While this study was carried out on mice, it points to an important discovery – that differences in daylight hours can affect how our bodies metabolize energy. As professor Juleen Zierath from the Novo Nordisk Center explains, “What’s fascinating is that this effect translates to humans as well.”
As she points out, further research with people may show that tweaking our artificial or natural light exposure over the course of the year could boost our metabolic health. So, changing when we turn lights on at home or trying to get more daylight in the darker winter months – could nudge our metabolism in a healthier direction.
Like overextending a spring, nighttime light appears to wind up our metabolic machinery too tight when it should be unwinding as bedtime approaches. Over time, this unwinds our ability to regulate blood sugar properly, potentially increasing susceptibility to diabetes.
The mice study reminds us that we humans are likely sensitive to these seasonal light shifts too, even if we don’t hibernate! Our bodies synchronize with natural cycles more than we realize. So, we should pay attention to how light exposure changes through the seasons where we live.
Simple adjustments responding to winter darkness versus summer sun could make a real difference in managing weight and metabolic wellness. We need more research, but it opens exciting possibilities for using light to optimize our health.
In humans, we know that artificial light exposure at night negatively affects metabolic health. As the sun sets each evening, many of us flip on lights to brighten up the night. However emerging research reveals that artificial light exposure after dark sends our metabolism into a tailspin.
Scientists have discovered that evening light can throw off our body’s delicate systems in ways we might not expect. Exposure to bright light at night, whether we’re awake watching TV or even sleeping with a light on in the room, seems to impair how our bodies process sugars and respond to insulin.
A Glimpse into the Future
What does this mean? Optimizing when we expose ourselves to natural and artificial light over the course of the year could help improve our weight regulation.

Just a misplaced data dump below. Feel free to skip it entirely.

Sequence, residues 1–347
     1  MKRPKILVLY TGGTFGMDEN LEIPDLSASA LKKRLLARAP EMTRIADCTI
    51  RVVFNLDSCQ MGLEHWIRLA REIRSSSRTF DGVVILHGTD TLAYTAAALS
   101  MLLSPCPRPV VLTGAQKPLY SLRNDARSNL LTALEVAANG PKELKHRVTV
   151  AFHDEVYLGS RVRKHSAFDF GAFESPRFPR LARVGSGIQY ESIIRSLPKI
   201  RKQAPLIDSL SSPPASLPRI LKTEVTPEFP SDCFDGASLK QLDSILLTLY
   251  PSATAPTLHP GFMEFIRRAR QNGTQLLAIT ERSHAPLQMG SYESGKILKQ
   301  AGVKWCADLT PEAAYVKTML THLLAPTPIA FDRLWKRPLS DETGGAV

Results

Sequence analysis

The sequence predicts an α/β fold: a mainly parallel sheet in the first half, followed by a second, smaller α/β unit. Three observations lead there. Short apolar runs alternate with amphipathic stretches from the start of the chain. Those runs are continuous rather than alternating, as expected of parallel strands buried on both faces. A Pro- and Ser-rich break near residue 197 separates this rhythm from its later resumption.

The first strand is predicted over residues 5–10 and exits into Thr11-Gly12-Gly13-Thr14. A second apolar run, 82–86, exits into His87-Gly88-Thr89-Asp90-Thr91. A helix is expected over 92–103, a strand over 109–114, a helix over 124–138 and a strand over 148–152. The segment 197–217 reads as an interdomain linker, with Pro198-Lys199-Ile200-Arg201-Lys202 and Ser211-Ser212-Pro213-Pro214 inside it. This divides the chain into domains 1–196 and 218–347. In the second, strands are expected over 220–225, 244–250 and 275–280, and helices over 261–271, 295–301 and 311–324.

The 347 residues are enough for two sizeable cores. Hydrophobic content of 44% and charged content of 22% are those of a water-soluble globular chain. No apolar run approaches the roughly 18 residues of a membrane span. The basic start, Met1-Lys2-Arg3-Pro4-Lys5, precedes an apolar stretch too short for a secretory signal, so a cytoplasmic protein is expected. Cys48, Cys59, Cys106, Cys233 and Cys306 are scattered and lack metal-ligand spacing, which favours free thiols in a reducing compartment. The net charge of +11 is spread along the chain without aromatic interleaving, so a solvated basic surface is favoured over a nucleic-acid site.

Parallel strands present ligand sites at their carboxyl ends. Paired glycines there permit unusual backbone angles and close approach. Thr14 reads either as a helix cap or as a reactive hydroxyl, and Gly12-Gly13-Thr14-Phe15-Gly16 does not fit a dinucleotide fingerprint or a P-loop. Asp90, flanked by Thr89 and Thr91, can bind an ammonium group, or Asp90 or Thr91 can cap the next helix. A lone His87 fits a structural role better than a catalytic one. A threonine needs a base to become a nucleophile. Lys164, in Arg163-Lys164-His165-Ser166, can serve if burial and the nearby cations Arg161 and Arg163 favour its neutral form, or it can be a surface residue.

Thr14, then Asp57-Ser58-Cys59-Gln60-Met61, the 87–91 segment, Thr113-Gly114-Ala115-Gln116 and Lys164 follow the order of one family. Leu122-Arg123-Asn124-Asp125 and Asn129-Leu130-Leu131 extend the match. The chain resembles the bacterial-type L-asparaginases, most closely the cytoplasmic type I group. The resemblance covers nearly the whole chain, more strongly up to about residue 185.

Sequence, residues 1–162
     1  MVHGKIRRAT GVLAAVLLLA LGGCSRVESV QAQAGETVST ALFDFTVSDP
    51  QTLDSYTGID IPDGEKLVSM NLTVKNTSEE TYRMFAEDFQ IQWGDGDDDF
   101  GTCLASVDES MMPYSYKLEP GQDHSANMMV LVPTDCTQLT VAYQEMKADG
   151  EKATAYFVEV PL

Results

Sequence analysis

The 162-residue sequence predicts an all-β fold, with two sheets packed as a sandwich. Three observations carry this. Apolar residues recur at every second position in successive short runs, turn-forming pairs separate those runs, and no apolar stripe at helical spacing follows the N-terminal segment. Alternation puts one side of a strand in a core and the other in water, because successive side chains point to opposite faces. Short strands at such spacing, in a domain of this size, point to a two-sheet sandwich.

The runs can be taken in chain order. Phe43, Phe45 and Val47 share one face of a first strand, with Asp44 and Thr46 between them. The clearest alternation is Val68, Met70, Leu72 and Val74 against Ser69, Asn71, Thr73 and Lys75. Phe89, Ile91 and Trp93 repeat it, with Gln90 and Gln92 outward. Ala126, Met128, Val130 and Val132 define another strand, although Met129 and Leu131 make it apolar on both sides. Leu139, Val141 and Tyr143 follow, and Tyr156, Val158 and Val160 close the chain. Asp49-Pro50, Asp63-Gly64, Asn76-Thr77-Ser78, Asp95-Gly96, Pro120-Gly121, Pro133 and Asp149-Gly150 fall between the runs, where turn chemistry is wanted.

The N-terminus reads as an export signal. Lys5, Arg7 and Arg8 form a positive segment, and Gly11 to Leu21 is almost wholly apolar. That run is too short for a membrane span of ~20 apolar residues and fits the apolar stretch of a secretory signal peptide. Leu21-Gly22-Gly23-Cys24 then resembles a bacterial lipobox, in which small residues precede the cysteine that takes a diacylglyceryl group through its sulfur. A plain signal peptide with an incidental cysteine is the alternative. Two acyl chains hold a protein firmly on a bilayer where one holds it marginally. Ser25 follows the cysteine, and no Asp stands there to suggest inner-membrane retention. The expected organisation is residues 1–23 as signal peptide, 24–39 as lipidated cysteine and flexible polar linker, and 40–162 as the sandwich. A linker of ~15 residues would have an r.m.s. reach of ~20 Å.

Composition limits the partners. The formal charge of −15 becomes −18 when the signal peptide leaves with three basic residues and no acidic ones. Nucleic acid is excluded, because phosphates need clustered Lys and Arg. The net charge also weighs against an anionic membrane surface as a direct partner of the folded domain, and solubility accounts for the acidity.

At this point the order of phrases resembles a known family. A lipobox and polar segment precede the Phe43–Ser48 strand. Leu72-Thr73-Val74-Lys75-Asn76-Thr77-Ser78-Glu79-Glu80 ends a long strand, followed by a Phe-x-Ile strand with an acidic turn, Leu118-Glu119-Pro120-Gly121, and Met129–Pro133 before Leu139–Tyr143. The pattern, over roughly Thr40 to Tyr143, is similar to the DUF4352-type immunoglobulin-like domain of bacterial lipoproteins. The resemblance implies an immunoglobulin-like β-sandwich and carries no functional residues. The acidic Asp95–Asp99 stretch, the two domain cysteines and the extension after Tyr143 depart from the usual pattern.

Changes in light throughout the year could also influence our hunger signaling pathways and when we feel hungry during the day. So, this research gives us new insight into the profound ways light exposure patterns may sync our bodies’ rhythms to seasonal cycles. It makes us reconsider assumptions about how seasons do—or don’t—impact our wellbeing.
As we unravel these mysteries, we better understand how aligning lifestyle factors like light exposure with our innate biological clocks could optimize health outcomes.
- Lewin Small, Leonidas S. Lundell, Jo Iversen, Amy M. Ehrlich, Morten Dall, Astrid L. Basse, Emilie Dalbram, Ann N. Hansen, Jonas T. Treebak, Romain Barrès, Juleen R. Zierath. Seasonal light hours modulate peripheral clocks and energy metabolism in mice. Cell Metabolism, 2023; 35 (10): 1722 DOI: 10.1016/j.cmet.2023.08.005.
- Mason, Ivy C, Daniela Grimaldi, Kathryn J Reid, Chloe Warlick, Roneil G Malkani, Sabra M Abbott, and Phyllis C Zee. “Light Exposure during Sleep Impairs Cardiometabolic Function.” Proceedings of the National Academy of Sciences of the United States of America 119, no. 12 (March 14, 2022). https://doi.org/10.1073/pnas.2113290119.
- “Insulin under the influence of light – PubMed.” 21 Jun. 2020, https://pubmed.ncbi.nlm.nih.gov/32564344/.